By Patrick Regnault
There is a demand and a necessity to upskill your employees – it helps retain them and offers them a path forward in their career and in the industry. The benefits are many and well understood. Unless the employer is short-sighted, employers and managers should encourage and organise training programs for their employees. But what of the employers themselves? Do they take the time to upskill? That is harder to find out.
Leading by example
We know that to “do as I say, not as I do” does not work. It does not work as a parent, as a teacher, as a politician and certainly not as an employer. Of course, to upskill effectively we need to identify where we need to improve. This requires insight and the humility to ask and listen to others’ feedback. Showing our vulnerability and correcting what is a potential lack of skill is true strength. It encourages open and frank discussion that benefits all by sharing within our human connection and bypassing hierarchy. For many employers or managers that may seem like a dangerous route to take, as for a very long time it was common wisdom that hierarchy had to be seen as all-knowing and always right. It was incorrect then and is still incorrect now. The world has changed and the new generation are much less likely to accept this old-fashioned way of thinking.
When employers develop new skills or improve on existing ones, they need to share them with their employees. This will show that regardless of your position you are always in need of improvement; that it is okay to admit that you do not have enough knowledge and that once you have accepted this you have the power to change it. In a nutshell, a lack of skill is temporary if one is open to change.
This leading by example helps your employees to accept and want to improve themselves thus improving your workforce and your business.
Where to go?
Organisations such as AIH, AILA, LDI (AILDM) and so many other horticultural professional bodies have regular professional development workshops and conferences that are worth attending in person or via webinars. Yearly garden shows such as our own Melbourne International Flower and Garden Show, the Singapore Garden Festival, Cologne’s spoga+gafa, The Chelsea Flower Show, or AIPH approved horticultural international expos can generate ideas that will be useful to the growth of your business. Good and sound talks can be found for free on YouTube on a range of subjects from plant nutrition, taxonomy, botany, and integrated pest management to name a few.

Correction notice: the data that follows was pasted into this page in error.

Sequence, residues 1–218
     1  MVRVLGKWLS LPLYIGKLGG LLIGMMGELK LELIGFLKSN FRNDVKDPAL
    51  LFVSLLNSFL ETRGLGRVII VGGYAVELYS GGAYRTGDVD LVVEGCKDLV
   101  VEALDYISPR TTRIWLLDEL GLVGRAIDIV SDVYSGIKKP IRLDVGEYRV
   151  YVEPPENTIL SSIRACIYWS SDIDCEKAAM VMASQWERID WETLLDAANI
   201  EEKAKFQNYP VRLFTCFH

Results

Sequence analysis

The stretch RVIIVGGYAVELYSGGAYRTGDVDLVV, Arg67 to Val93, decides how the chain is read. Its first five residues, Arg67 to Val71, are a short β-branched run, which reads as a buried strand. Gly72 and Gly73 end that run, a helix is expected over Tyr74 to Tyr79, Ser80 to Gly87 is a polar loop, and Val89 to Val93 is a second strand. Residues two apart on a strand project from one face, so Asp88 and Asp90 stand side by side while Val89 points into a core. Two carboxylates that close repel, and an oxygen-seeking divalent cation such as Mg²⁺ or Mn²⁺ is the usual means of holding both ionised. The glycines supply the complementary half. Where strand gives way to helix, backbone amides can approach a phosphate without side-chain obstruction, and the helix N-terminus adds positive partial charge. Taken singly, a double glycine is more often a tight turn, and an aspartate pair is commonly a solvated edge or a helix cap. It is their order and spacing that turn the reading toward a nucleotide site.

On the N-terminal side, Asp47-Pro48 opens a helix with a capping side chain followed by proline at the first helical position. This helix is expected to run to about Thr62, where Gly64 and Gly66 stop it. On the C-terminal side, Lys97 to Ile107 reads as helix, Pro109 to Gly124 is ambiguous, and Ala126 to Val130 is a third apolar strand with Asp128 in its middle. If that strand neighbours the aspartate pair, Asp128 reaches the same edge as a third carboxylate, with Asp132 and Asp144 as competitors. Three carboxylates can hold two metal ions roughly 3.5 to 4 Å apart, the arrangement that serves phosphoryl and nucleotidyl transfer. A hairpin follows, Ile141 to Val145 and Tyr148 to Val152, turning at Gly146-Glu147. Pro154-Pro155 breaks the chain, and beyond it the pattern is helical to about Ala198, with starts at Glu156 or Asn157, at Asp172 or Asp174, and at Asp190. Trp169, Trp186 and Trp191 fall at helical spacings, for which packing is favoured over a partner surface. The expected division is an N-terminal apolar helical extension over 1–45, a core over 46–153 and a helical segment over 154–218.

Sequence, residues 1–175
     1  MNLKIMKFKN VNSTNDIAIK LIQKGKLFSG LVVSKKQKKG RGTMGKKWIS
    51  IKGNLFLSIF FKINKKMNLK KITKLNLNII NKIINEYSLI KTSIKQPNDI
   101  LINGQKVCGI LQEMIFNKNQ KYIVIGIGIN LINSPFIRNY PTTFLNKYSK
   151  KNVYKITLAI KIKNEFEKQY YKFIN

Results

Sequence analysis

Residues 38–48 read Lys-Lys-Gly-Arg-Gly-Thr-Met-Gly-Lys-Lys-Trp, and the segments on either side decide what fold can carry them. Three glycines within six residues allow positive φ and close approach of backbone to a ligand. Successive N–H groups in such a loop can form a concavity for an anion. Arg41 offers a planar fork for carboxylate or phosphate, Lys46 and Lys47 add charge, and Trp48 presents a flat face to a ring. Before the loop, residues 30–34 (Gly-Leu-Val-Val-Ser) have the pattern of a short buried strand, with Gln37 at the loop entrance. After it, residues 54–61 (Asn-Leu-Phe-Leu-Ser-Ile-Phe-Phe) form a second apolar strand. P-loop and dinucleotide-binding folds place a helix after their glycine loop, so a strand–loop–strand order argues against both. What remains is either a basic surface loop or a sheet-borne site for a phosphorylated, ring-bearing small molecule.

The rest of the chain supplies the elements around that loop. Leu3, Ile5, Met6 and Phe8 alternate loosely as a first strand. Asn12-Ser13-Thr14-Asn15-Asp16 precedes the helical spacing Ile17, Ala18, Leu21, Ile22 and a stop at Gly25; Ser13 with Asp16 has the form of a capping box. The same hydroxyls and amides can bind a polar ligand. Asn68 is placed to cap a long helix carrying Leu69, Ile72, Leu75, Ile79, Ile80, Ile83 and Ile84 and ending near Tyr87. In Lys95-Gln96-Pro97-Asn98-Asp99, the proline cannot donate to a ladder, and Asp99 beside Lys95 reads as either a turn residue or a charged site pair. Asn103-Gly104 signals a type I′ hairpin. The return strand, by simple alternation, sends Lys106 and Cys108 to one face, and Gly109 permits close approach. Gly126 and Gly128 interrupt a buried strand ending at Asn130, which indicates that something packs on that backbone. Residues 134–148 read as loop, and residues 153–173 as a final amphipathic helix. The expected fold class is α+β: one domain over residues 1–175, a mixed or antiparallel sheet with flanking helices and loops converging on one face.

We can take the opportunity to spare two hours a month, or a trimester, to organise a pre-registered webinar or YouTube viewing on a subject relevant to an upcoming work, and share our thoughts over food and drinks. Not a costly effort, yet rewarding for all. It also means that the employer takes the time to be present and learn with their team, removing the hierarchical stereotype, and replacing it with a more collegial learning environment. This time can be used to observe and notice how each individual learns and retains information. It will inform on the best way improve communication with the person at other times, and to tailor learning to consolidate their strengths and improve their weaknesses.
Learning from others
Employers have their own set of challenges which can be helped by learning about staff management, business and finance, and dealing with contractors and clients. Sharing with others in the same position helps to revise the way we operate. We may learn as much by listening to a person’s how not to do things a certain way. It should not however turn into a whinge-fest as this will only serve to consolidate a negative thought spiral.
Short courses in communication or business management may be the way to go as these are easy to find, although of varying qualities.
Employers overlook their need to upskill and sometimes to re-skill. Time pressure is often used as an excuse to not partake in what is a crucial part of business and personal development. Upskilling is not time wasting – it brings an uplifting energy, with benefits going far beyond the individual.
Patrick Regnault FAIH RH0062
Main image: Support younger industry members by nominating them for exchange programs or as support teams at conferences (Image: Karen Smith)